Mac and Cheese Appetizers
Twist that classic comfort food, mac and cheese, into a fun party appetizer with these easy recipes. Try mac-and-cheese crostini or start a new rage with mini ramekins of cheesy noodles spiked with ham or lobster.See Popular Mac and Cheese Appetizers Recipes
This updated casserole recipe uses fat-free milk, refrigerated egg product, and reduced-fat cheddar cheese, which lower the calories, fat, and carbs in your meal.
It was finally cold and blustery enough the other evening to build the first, crackling fire of the season in our fireplace. My husband stoked the flames, while I helpfully suggested where to move the logs for maximum flame height and heat distribution. I'm thanking that warm and cozy night for the comfort food kick I've been on lately.
When it comes to down-home cooking, nothing compares to macaroni and cheese, crisp on top with melted cheesy goodness on the inside. This classic recipe for how to make baked mac and cheese is wonderful on its own, but even better with some suggested add-ins.
A fall recipe for a pumpkin mac and cheese casserole, with winter squash, sage, and walnuts.
Hey, mac. When did you go Italian? Easy Italian Mac is definitely not our mom's mac and cheese.
See how to make sassy ham-and-cheese sandwich appetizers.
This recipe is reminiscent of a really good, classic mac & cheese--but the squash adds a load of vitamins and fiber to up your nutritional game.
If your kids are like ours, they could eat mac and cheese every night of the week. As for us, we kind of get a hankering for something a bit, um, fresher, maybe even (gasp!) green.
Deep-fried mac & cheese bites aren't new to the Iowa State Fair -- but they do prove that some items become fair-food classics for a reason. In a nutshell, these things are like crack. They're everything that's good about boxed macaroni and cheese and then some.
So we're always looking for a new twist on everyone's favorite weeknight dinner: the casserole! Sure, we love lasagna; we're mad for mac-and-cheese; and ham-and-noodle -- yum! But if you're hankering for a one-dish dinner that's a little bit different, then you've come to the right place.
Thanksgiving just wouldn't be the same without stuffing. Even if you call it "dressing," and no matter if you cook it in the bird or in a casserole dish, or even if prefer it with meat, oysters, or none of the above, we can all agree that warm, flavorful stuffing might be the ultimate comfort food. (Take that mac and cheese!)
When it comes to greatness, like the immortal Sloppy Joe sandwich, the most brilliant American comfort food since mac and cheese, people always fight for the credit. Which is why more than one Joe claims to have created the Sloppy Joe. In Iowa, lore has it that a Sioux City short-order cook attached his name to the restaurant's "loose meat sandwich" and watched things take off from there.
Ask our kids to whip up a dish, and you can pretty much count on them ripping open a box of mac and cheese. But that doesn't mean that there aren't plenty of other children out there with some serious culinary chops -- at least 54 of them, to be exact, who got to chill with the first lady yesterday at the Kids' State Dinner at the White House. Back in May, we wrote about the Healthy Lunchtime Challenge, a contest for 8- to 12-year-olds held by Michelle Obama's Let's Move!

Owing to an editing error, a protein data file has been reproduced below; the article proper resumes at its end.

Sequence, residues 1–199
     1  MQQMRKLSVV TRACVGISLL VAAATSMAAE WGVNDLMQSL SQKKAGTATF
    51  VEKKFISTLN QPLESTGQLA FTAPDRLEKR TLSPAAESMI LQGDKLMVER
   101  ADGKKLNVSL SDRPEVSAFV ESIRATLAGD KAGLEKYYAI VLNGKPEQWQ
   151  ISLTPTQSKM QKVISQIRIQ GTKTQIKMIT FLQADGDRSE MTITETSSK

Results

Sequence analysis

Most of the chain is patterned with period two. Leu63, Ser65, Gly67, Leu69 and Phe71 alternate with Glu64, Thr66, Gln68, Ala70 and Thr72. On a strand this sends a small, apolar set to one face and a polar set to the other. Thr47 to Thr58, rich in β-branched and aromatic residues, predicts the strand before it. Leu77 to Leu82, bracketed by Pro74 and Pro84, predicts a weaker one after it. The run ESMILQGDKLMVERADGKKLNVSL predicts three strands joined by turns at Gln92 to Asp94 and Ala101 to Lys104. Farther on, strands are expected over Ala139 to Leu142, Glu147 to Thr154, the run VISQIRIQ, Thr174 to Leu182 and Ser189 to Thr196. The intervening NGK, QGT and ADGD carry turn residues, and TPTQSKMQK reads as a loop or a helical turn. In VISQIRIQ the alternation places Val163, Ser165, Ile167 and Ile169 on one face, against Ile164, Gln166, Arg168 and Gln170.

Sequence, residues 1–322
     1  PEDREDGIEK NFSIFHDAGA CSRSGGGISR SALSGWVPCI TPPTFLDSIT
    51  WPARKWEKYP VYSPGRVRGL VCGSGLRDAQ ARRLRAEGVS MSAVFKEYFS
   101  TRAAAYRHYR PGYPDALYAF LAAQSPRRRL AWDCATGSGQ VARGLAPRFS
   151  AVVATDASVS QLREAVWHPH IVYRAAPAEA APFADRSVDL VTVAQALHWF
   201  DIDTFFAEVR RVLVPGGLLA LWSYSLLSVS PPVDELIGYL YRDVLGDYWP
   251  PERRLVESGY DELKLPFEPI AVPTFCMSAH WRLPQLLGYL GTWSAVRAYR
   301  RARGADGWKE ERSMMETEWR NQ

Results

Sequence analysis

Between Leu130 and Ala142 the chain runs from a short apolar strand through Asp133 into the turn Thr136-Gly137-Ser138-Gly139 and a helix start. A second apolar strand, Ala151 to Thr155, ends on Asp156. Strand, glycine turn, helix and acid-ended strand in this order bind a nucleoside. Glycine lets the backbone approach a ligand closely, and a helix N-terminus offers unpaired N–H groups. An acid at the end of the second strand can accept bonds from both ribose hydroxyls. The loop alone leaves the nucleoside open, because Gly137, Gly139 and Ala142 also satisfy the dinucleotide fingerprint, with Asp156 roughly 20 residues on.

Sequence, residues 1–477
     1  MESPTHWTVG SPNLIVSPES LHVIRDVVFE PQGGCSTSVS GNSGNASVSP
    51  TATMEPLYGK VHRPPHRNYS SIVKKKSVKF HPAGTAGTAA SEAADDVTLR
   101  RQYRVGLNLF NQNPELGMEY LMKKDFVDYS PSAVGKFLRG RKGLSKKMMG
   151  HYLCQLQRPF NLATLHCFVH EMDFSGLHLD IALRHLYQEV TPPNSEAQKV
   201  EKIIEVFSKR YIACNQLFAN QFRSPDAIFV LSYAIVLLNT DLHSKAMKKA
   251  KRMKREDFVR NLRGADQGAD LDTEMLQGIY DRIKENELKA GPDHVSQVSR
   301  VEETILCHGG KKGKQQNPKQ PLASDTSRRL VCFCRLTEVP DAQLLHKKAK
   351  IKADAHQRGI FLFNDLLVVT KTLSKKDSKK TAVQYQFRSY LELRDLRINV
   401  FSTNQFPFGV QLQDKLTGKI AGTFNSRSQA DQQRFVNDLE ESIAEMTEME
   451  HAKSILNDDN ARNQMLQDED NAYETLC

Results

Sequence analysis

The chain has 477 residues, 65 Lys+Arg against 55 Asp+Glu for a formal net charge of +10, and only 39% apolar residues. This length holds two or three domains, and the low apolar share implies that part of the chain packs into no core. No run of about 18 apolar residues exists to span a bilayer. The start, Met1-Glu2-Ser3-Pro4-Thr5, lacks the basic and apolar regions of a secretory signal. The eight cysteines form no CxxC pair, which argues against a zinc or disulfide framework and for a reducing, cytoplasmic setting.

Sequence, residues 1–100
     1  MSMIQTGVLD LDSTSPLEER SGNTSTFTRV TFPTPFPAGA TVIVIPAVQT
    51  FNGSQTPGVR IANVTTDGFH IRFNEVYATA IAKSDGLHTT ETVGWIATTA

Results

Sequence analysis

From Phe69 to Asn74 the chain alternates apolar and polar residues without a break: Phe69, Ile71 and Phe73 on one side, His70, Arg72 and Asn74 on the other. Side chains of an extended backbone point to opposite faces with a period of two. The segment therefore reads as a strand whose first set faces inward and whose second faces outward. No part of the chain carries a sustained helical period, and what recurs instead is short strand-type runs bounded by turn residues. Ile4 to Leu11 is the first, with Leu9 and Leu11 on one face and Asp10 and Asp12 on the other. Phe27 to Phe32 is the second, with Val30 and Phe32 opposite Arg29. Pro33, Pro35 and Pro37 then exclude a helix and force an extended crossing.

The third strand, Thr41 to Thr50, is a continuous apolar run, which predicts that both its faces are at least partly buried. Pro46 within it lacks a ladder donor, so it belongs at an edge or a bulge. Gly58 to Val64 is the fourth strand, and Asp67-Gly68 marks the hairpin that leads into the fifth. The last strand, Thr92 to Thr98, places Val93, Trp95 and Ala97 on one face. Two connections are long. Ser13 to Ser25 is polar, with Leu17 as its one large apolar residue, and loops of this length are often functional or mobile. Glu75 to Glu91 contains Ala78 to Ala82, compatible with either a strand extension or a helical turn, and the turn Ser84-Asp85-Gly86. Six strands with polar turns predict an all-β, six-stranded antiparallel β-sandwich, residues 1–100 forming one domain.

Few foods epitomize luxury and decadence like lobster. You can find recipes for lobster in just about every kind of dish, from lobster lasagna to lobster mac and cheese. But for lobster beginners, it's wise to start with the basics by learning how to boil lobster. Even lobster connoisseurs can appreciate the scrumptious simplicity of boiled lobster. So whether you're just starting to test your culinary claws or you're looking to perfect your tried and true technique, follow this step-by-step guide for how to boil lobster.
Boxed mac and cheese may be a lunchtime staple (at least it was in our house growing up), but for sheer comfort-food bliss, nothing quite compares to homemade. What we love about this recipe is not only how good it is, but how versatile, too. Not only does it make twelve servings (yes, twelve -- which means it's as perfect for big family get-togethers as it is for plenty of yummy leftovers), it's pretty enough for special occasions yet easy enough for weeknight dinners.
There are certain recipes that it seems every parent should know how to make: the perfect grilled cheese (with crusts on or off), a mean mac and cheese, and -- definitely topping the list -- the all-American chocolate chip cookie. No doubt, what Proust's madeleines were to him, the chocolate chip cookie is to a vast number of Americans born this side of World War II. Our hearts go as soft as one of those little semi-sweet morsels just at the aroma of a batch baking in the oven; the first warm and tender bite followed by a gulp of cold milk is enough to take us back to everything that was good about being a kid (forget skinned knees and bedtimes; this is snow days, sledding and Saturday morning cartoons all rolled into one).
Betcha when you think "cranberries," you almost automatically think "sauce" -- and no doubt, cranberries do a noble job serving as the sweet-tart foil to Thanksgiving's main event: the turkey. But these ruby-red berries are incredibly versatile--they have a bright, fruit-forward flavor that lends itself to appetizers (especially those with mild cheese), drinks (from cocktails to refreshing teas and punches), side dishes (they add a nice crunch, color, and spark to rice), and desserts, where they play nicely with a whole host of other fruits and spices. Plus, that slight sourness is a boon when you're pairing the berries with ubersweet ingredients like apples, apricots, and peaches.